• Irrigation irritation rampant over water wasters: Call it irrigation irritation.  Bay Area water watchers have a bad case of it. The expanse of verdant lawn ringing a large vacant construction site in Santa Clara sets off Brian Johns.  For Vickie Chang, it’s the city of Albany’s sprinklers that spray her when they go off each night along her street. And Dave Pearce is peeved by the water he sees gushing straight into San Francisco Bay from the leaky Hetch Hetchy Aqueduct pipeline while he kayaks along the Peninsula. … ”  Read more from the San Jose Mercury News here:  Irrigation irritation rampant over water wasters
  • California to cool off gradually in September:Temperatures may cool off a bit this month in northern and central California, but no real chance of rainfall appears on the horizon.  Some long-range weather forecasts suggest that the Sacramento area may already be done with triple-digit temperatures for the summer, making for balmy or even pleasant conditions as many crops enter their fall harvests. … ”  Read more from the Capital Press here: Calif. to cool off gradually in September
  • Limited water presents challenge for natural gas fracking:  “Extracting natural gas for energy from shale rock deep underground requires lots of water, but much of the world’s shale gas is in regions where water is already scarce, including part of California, according to a study issued Tuesday.  The amount of recoverable natural gas from shale formations would increase global reserves by nearly half, the report from the World Resources Institute found. That’s a potentially enormous boost for the international economy and for reduction of greenhouse gases that cause climate change, as gas used for power generation burns more cleanly than coal. But increased oil and gas development raises thorny questions about how to allocate water in areas where it’s limited. … ”  Read more from the Los Angeles Times here:  Limited water presents challenge for natural gas fracking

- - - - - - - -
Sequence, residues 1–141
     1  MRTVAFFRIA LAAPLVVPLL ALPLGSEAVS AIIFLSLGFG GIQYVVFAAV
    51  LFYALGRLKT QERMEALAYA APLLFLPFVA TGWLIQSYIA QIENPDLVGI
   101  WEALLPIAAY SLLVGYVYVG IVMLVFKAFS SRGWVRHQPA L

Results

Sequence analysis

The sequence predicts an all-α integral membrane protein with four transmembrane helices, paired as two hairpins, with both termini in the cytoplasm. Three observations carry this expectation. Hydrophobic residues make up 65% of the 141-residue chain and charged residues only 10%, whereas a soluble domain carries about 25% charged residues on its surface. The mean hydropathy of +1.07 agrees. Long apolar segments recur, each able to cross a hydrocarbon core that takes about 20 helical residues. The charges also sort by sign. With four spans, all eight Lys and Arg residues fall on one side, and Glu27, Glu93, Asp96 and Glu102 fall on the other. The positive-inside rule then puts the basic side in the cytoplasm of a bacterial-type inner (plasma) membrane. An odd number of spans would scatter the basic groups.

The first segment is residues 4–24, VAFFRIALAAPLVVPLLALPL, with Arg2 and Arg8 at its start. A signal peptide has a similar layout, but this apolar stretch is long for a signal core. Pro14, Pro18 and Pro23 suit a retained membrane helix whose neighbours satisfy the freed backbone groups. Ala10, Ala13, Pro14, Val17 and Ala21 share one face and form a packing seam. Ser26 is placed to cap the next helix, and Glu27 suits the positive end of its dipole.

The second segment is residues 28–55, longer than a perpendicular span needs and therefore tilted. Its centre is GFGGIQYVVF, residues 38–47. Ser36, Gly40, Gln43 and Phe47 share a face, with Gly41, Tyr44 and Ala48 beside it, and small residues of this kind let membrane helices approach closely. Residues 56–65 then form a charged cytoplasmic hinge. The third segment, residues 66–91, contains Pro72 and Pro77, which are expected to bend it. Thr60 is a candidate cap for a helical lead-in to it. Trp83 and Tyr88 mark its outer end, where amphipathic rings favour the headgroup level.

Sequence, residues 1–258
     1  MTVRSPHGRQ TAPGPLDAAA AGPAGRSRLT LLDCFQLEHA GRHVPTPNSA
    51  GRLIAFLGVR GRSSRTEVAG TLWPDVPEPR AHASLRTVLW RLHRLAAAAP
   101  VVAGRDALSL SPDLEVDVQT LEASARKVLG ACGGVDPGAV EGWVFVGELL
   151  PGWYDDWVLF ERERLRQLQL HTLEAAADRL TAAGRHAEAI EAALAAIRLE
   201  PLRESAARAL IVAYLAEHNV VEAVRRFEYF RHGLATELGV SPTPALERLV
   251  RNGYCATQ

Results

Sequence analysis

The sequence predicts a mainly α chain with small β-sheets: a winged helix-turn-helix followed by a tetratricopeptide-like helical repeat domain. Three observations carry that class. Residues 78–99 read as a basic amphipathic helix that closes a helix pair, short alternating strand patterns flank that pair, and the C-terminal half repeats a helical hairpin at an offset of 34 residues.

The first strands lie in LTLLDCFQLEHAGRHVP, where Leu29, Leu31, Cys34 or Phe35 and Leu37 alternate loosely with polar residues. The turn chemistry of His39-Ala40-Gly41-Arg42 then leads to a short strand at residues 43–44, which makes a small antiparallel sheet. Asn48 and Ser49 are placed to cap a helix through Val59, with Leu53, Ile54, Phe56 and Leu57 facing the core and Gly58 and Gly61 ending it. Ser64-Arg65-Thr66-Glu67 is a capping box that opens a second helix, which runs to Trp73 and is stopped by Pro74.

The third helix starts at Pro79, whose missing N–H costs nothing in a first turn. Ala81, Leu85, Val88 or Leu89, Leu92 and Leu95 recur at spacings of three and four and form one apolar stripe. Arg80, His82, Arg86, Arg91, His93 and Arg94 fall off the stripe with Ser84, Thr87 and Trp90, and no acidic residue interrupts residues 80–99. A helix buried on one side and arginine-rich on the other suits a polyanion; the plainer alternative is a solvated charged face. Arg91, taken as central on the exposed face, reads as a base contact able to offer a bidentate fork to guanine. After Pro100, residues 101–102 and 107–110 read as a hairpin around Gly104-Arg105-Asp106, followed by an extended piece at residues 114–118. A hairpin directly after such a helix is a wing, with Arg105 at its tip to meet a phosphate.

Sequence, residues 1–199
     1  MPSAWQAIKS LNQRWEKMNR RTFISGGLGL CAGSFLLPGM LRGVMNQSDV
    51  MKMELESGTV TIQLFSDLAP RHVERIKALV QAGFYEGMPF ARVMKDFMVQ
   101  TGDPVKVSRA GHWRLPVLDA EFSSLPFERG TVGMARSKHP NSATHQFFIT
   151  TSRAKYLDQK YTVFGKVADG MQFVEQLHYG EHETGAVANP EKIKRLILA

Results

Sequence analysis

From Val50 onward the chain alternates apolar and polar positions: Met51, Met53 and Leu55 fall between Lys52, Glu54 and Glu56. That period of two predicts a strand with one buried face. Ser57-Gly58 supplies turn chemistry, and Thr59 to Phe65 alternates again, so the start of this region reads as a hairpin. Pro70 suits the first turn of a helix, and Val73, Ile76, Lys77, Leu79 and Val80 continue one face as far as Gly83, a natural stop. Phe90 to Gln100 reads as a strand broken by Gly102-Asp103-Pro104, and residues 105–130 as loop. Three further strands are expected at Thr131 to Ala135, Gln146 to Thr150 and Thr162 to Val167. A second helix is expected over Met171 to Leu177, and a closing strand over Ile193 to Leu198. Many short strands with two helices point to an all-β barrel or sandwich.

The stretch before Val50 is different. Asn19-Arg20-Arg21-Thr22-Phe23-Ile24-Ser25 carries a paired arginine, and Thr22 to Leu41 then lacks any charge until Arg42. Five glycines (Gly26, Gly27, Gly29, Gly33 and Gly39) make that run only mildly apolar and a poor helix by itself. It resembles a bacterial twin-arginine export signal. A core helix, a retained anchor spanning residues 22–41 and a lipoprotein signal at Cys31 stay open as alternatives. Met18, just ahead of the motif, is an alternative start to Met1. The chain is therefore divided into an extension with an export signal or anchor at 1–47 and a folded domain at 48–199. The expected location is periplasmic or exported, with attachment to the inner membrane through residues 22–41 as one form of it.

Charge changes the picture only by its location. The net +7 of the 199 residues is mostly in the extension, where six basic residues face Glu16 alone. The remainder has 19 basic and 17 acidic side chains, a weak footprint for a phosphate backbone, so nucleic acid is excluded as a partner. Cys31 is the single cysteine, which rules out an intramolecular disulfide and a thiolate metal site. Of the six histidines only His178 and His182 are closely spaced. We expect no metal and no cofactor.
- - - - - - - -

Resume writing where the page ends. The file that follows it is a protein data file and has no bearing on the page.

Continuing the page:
In commentary today …

  • Delta spats making water experts of us all, says the LA Daily News:  They write: “Here in the third year of our great drought, it’s as if we all are supposed to have the technical savviness of an MWD engineer.  Except that we don’t. We can’t, really. It can take a lifetime of learning to suss out the complexities of the provenance and the delivery systems of water in California. But laypeople are having to develop at least a surface-level understanding of how water works if they are to be at all competent in making the kinds of decisions the body politic is charged with during this era of climate change on the one hand and cyclical drought periods on the other — the former probably compounding the latter.  … ”  Read more from the Los Angeles Daily News here:  Delta spats making water experts of us all: Editorial
  • Governor should sign historic groundwater legislation, says the Mercury News: They write: “The most important water legislation in California this year isn’t the $7.5 billion water bond voters will decide in November. It’s the historic package of bills approved Friday by the Legislature designed to regulate for the first time the pumping of groundwater. Gov. Jerry Brown should sign the legislation, which gives the state a crucial tool to ensure a long-term adequate water supply.  Central Valley farmers have fought groundwater regulation for years, wanting to hold on to the right to be able to pump as much water from the wells underneath their land as they needed to water their crops. It’s a reasonable strategy if the state had an unlimited supply of water. Every other Western state except California realized the folly of that approach years ago.  … ”  Read more from the Mercury News here:  Governor should sign historic groundwater bill
  • Congress must agree on drought legislation, says Farm Bureau official:  Rayne Pegg writes:  “Two weeks: That’s how long Congress will meet between now and Election Day. That short session starts next week, and it’s paramount for the House and Senate to reach agreement on federal drought legislation.  The House of Representatives passed its version of drought-relief legislation in February. The Senate followed suit in May. Since that time, leaders from both houses of Congress have been working to reconcile the two versions, to present a package that can win approval.  The stakes couldn’t be higher: … ”  Continue reading at Ag Alert here:  Congress must agree on drought legislation